During the operation of the bio-reactor fresh medium is pumped through inlet tube 16 into hollow inlet cross arm 26, out of the orifices 34 and 36 on cross arms causing the cross arm structure 24 to rotate on the bottom of container 12 from the jet action of the fluid passing through the orifices 34 and 36 on inlet arm 26. FIG. 2 shows the ingress of the media through the inlet tube 16. The passage of the media into the outlet arm 28, through openings 30 and 31 to cavity 32 and out of the side outlet adapter 22 is shown in FIG. 2.
FIG. 4 is a cross-section of the inlet cross arm 26 further showing the path of the media. The media flows through inlet tube 16 into the hollow cross arm and out orifices 34 and 36 causing rotation of the cross arm structure. Only orifice 34 is shown in FIG. 4. The media then is forced through the filter 44 into container 12.
During the operation the container 12 is sealed. The medium jetting out of rotating cross arm structure 24 is forced through filter 44 into the main chamber of the bio-reactor where the cultured cells are located. The pores in the filter 44 are sized such that the cells on the microcarriers or otherwise will not pass through the filter 44. As the cross arm 24 rotates from the jet action, the filter 44 is continuously backwashed of any cells which may have settled on the filter.
The jet action disperses the cells in the nutrient medium without internal mechanical action in the main chamber of the bio-reactor. Size of the orifices 34 and 36 can be adjusted for optimum rotational rate to minimize the build-up of cells on the filter, for delivery of medium and proper jet action to maintain an optimum suspension of the cells. As the medium is being pumped into the bio-reactor which is sealed, medium within the reactor or the depleted medium must be displaced. Outlet orifices 38a, 38b, 40a and 40b on outlet arm 28 provide for passage of the depleted medium.
The depleted medium is forced through filter 44, through outlet orifices 38a, 38b, 40a or 40b into the hollow portion of outlet cross arm 28, through concentric outlet cavities 30 and 31 and outlet tube 18 to outlet adapter 22. The depleted medium can be replenished, oxygenated and re-used in the bio-reactor. The size of the outlet orifices can also be optimized to achieve the best results given the size of the container and amount of medium which is pumped through the system.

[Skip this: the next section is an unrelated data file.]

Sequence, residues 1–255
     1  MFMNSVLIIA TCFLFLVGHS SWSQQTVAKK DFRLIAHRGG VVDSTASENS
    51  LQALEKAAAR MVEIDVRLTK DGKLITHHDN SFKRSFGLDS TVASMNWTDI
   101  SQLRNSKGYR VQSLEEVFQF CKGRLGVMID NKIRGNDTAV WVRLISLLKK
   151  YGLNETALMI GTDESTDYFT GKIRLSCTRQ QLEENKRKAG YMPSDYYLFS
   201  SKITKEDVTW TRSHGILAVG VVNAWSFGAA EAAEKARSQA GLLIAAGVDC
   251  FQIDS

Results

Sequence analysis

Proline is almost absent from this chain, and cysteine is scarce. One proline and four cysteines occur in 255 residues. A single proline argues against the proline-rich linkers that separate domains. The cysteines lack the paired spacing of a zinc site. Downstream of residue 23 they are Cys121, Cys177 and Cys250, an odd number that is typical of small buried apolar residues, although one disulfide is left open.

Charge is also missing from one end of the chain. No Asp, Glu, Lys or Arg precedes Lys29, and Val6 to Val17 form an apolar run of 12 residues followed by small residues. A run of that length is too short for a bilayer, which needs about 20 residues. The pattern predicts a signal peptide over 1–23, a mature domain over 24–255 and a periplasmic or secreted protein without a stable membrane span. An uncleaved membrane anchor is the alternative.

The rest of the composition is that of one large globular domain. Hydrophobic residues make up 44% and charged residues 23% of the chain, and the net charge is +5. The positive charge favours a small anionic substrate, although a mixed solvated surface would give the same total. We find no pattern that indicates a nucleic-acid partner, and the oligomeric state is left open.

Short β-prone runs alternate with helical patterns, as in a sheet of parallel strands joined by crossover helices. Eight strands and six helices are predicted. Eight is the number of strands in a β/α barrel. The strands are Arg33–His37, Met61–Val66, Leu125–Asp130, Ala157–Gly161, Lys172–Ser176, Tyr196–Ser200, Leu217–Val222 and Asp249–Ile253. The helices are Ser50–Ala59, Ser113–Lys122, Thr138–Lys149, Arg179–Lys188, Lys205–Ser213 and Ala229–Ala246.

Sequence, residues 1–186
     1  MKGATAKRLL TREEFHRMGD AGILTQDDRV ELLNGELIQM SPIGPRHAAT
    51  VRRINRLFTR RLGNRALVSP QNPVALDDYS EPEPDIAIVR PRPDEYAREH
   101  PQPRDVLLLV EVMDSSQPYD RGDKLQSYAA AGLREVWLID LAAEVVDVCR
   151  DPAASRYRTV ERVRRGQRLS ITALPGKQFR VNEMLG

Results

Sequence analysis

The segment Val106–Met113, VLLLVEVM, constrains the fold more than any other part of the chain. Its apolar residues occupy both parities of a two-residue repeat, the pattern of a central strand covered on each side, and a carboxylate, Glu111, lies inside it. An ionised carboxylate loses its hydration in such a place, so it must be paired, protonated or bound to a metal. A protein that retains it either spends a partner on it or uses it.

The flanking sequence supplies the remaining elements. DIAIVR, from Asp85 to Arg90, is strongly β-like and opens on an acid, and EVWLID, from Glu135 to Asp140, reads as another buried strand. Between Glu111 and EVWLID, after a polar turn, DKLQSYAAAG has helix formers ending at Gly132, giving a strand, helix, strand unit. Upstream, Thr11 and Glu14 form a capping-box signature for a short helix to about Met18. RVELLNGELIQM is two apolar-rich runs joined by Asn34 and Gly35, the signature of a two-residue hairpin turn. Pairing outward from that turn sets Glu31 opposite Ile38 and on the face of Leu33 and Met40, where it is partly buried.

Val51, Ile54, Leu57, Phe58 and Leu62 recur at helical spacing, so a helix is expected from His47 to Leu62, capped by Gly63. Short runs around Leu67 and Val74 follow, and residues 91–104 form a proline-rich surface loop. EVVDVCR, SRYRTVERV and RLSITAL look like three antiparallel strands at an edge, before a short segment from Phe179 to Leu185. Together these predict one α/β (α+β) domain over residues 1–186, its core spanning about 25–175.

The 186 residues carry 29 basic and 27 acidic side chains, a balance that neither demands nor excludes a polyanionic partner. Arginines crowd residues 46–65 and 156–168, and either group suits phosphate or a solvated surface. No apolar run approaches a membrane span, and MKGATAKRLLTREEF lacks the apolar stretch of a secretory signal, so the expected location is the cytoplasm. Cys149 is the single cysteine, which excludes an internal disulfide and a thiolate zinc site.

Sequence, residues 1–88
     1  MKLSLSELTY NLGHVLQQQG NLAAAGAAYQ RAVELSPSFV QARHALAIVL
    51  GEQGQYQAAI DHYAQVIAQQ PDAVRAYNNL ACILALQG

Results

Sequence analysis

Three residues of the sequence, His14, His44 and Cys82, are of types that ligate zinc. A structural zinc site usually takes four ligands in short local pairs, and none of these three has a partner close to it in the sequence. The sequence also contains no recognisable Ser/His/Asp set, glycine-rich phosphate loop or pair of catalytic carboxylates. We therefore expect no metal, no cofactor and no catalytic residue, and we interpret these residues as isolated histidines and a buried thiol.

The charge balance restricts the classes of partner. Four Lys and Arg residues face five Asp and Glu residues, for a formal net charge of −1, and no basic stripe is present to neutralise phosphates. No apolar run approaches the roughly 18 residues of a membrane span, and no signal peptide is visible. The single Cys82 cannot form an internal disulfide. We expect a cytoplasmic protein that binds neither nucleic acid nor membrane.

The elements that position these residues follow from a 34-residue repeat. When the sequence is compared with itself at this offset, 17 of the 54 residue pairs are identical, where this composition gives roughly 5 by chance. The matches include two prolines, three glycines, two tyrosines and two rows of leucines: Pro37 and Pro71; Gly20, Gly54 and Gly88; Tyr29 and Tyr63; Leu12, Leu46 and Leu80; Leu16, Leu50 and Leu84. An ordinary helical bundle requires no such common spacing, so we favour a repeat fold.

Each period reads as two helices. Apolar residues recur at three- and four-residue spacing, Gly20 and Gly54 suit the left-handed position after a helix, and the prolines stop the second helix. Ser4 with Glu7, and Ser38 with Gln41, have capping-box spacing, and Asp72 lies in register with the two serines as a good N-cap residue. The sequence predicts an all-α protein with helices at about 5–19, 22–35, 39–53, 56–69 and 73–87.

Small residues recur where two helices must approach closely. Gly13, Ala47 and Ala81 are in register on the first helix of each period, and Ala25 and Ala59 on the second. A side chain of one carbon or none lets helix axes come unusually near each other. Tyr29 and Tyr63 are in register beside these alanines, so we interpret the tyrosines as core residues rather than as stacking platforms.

FIGS. 5 and 6 show an alternative embodiment. The container 100 is generally cylindrical with additional height as compared to the embodiment shown in FIGS. 1, 2, 3, and 4. Container 100 is fitted with a tubular adapter 102 with inlet tube 104 and outlet tube 106 which is concentric with inner tube 104. Adapter 102 is provided with outlet port 108 which is connected to an outlet adapter 110. This arrangement is virtually identical to the other embodiment.
The cross arm structure 112 is composed of a hollow inlet cross arm 114 and hollow outlet cross arm 116. The inlet cross arm 114 and outlet cross arm 116 are hollow, U-shaped in structure and intersect at right angles to each other. The cross arms 114 and 116 intersect at the bottom of the middle of container 100 and extend radially to the perimeter of container 100 and from the perimeter of the container extend up the side of the container to the top edge.
Inlet tube 104 extends through the bottom of container 100 into a circular opening to the center of the bottom of hollow inlet cross arm 114. The inlet tube 104 provides a bearing surface and a seal for the center of inlet arm 114. Inlet arm 114 is provided with orifices 120a, 120b, 120c, 122a, 122b, and 122c. The orifices on inlet arm 114 are generally spaced on the bottom and sides of the structure.
Outlet cross arm 116 is provided with a circular opening on its bottom surface which surrounds inlet tube 104. The opening on the bottom of outlet arm 116 connected to the upper perimeters of outlet tube 106 which extends to the plane of the bottom of container 100. A concentric cavity 126 formed in the adapter 102 below container 100 by the outlet tube 106 surrounding the inlet tube 104. Outlet cross arm 116 is provided with orifices 128a, 128b, 128c, 130a, 130b and 130c on the trailing edge of the outlet cross arm 116.
The filter 132 in the alternative embodiment is bonded to a birdcage spider assembly 134. The filter 132 is generally cylindrical with a circular portion closing the bottom of the cylinder. The filter 132 is generally in the shape of the interior of container 100 and is held against the U-shaped cross arm assembly by the birdcage spider 134. Spider 134 is composed of multiple U-shaped cross arms as shown in FIG. 5 with cross arms connecting the U-shaped sections.
Container 100 has a lid 140 provided with seal 142 and fastened tightly with screw and nut assemblies indicated at 144, 145, 146, and 147. The birdcage spider assembly 134 with bonded filter 132 is held into place with screws 150 and 152.